Agave geminiflora is a somewhat rare agave plant species that hails from a very limited area north of Ocotillo, Mexico, in the Mexican state of Nayarit.
This interesting dwarf agave species in its native habitat grows in oak woodlands from about 3000-700 feet, and sparsely amid the grasses on rocky ground or in rocky arroyos in this area.
The climate in Nayarit is quite mild and the area experiences about 40″ inches of rainfall during the summer, autumn, and winter. The springtime is dry.
Agave geminiflora (a-GAH-vee jem-in-ih-FLOR-uh) is a herbaceous perennial and member of the family Asparagaceae and the subfamily Agavoideae.
It is also known as Agave angustissima and Agave Palito and looks similar to Agave filifera.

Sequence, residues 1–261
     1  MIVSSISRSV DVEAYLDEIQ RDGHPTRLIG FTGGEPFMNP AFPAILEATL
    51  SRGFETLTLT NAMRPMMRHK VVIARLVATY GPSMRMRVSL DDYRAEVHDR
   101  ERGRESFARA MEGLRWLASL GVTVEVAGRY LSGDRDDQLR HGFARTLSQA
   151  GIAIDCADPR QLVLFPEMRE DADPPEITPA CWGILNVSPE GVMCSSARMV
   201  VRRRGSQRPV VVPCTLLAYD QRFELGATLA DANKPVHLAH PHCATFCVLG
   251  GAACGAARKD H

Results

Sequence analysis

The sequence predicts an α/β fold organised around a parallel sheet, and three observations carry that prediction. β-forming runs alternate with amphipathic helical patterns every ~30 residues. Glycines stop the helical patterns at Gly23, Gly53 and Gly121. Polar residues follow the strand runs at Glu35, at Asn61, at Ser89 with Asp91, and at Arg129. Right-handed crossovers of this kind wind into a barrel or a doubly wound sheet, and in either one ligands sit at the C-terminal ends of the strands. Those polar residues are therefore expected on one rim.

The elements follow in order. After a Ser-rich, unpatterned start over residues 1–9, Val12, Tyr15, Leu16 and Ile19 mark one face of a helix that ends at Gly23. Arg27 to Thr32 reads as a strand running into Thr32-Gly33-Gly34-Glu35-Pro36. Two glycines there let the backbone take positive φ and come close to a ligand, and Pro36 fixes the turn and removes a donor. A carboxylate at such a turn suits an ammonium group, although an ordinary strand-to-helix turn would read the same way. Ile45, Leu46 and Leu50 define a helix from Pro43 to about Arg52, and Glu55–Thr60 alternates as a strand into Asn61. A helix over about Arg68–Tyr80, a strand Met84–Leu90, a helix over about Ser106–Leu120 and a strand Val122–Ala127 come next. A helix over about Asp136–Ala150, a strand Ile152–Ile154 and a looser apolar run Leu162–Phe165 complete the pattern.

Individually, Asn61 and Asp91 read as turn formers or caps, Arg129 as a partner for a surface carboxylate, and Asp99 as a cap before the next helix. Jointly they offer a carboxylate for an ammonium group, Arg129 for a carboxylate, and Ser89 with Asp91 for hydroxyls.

The plant’s genus name is derived from the Greek, agauos, which means noble or admirable and probably refers to the fact that the flower spikes of this and many other types of agave are very tall.
The species name, geminiflora, is Latin and means twin flowered. A reference to the fact that the flower pairs.
Two common names include:
- Twin Flowered Agave plant
- Spaghetti Strap Agave
- Pin Cushion Agave
One variation sports interesting white filaments along the leaves is called Rasta Man.
Agave Geminiflora Care
Size and Growth
Agave geminiflora is a herbaceous perennial with a rosette basal growth habit and forms a single flower stalk when it matures.
The plant has a slow growth rate in the shade or full sun, and the rosettes top out at about 2′ feet high with a spread of about 3′ feet.
The stiff, straight dark green leaves numbering 100-200 are sharp and the terminal spines can be a hazard.
Flowering and Fragrance
Mature Agave geminiflora plants form very tall flower stalks.